The specifications propose an interim model which is aimed at establishing a mechanism in order to get in touch with domain name registrants without exposing their identity. The draft document provides that the data which will no more be publicly available will include the registrant’s name, registrant’s email as well as the registrant’s address. However, the country of the registration will be public information. Further, in order to gain access to the information not publicly available will depend upon each registrar and registry some which may also insist to obtain a court order while some may refuse to provide access until accreditation mechanism is developed. In terms of contact information, an email address or web form mechanism would have to be provided to allow contact with the registrant, although it notes that the email address and/or web form URL should not contain, or be derived from, the email address of the specific contact.[4]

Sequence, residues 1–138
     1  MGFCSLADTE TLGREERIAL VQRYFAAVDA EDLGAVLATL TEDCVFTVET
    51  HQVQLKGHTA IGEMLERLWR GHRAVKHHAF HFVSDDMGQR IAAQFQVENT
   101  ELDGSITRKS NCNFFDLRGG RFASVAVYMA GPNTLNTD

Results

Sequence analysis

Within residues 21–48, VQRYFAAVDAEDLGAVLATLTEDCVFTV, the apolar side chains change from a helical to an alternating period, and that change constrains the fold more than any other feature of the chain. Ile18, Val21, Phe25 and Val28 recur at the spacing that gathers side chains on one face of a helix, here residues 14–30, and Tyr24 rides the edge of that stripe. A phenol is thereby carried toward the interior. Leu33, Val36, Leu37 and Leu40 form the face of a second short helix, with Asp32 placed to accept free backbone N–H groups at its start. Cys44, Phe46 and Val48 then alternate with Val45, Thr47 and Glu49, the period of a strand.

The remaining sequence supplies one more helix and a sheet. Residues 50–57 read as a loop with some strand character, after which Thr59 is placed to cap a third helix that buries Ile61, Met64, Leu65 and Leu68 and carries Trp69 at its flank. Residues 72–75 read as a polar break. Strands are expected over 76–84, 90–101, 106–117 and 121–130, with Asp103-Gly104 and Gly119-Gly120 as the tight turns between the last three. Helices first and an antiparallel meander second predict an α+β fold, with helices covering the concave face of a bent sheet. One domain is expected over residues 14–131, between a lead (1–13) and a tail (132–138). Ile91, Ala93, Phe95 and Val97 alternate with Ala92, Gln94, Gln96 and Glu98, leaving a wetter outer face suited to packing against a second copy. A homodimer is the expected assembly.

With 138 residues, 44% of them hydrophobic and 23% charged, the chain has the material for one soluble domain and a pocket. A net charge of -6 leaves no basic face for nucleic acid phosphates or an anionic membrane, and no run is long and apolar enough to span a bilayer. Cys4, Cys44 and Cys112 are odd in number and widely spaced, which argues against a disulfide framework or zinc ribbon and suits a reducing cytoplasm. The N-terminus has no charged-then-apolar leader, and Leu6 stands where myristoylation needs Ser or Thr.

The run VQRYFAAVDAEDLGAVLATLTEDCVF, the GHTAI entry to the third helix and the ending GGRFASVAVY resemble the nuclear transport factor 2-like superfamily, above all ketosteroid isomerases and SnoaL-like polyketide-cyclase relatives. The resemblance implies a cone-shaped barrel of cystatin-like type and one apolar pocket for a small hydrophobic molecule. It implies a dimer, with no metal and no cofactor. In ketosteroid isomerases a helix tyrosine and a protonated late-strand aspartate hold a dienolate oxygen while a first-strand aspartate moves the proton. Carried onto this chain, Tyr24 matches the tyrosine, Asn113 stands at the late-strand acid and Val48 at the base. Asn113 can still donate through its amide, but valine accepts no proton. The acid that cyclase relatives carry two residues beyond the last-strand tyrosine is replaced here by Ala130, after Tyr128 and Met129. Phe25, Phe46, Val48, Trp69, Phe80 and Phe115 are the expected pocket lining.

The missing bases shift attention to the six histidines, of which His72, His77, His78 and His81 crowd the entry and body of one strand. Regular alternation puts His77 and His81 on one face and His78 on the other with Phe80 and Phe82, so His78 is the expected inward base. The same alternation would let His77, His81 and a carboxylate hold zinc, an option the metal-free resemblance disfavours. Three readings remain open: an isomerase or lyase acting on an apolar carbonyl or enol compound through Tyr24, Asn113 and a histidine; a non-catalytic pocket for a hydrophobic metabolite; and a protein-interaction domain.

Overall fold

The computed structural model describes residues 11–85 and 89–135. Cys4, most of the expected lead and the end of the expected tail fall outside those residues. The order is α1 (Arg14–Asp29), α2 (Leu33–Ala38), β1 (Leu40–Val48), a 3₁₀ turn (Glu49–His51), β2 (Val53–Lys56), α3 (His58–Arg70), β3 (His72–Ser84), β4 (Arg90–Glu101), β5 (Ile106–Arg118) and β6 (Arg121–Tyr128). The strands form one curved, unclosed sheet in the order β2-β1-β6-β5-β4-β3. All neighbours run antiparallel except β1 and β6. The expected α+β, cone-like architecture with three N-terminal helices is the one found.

This temporary specification limits the ability of rights holders regarding enforcement of rights online and is expected to cause hindrances in infringement cases and court proceedings. Further as per the temporary specification, the restrictions on WHOIS data will apply beyond the EU.

Jeff Neuman, Senior Vice-President of Com Laude USA, reported on Twitter on May May 14, 2018 that the ICANN Board still expecting Temporary Specification dealing with WHOIS and GDPR to start on May 25 for a period of 90 days (renewable for 3 additional 90-day periods).

As per the publication on ICANN’s website titled “ICANN Receives Data Protection/Privacy Guidance from Article 29 Working Party”, ICANN had argued that unless there is a moratorium, WHOIS service cannot be maintained and without resolution of these issues, the WHOIS system will become fragmented. Fragmented WHOIS would no longer employ a common framework for generic top-level domain (gTLD) registration directory services.[5]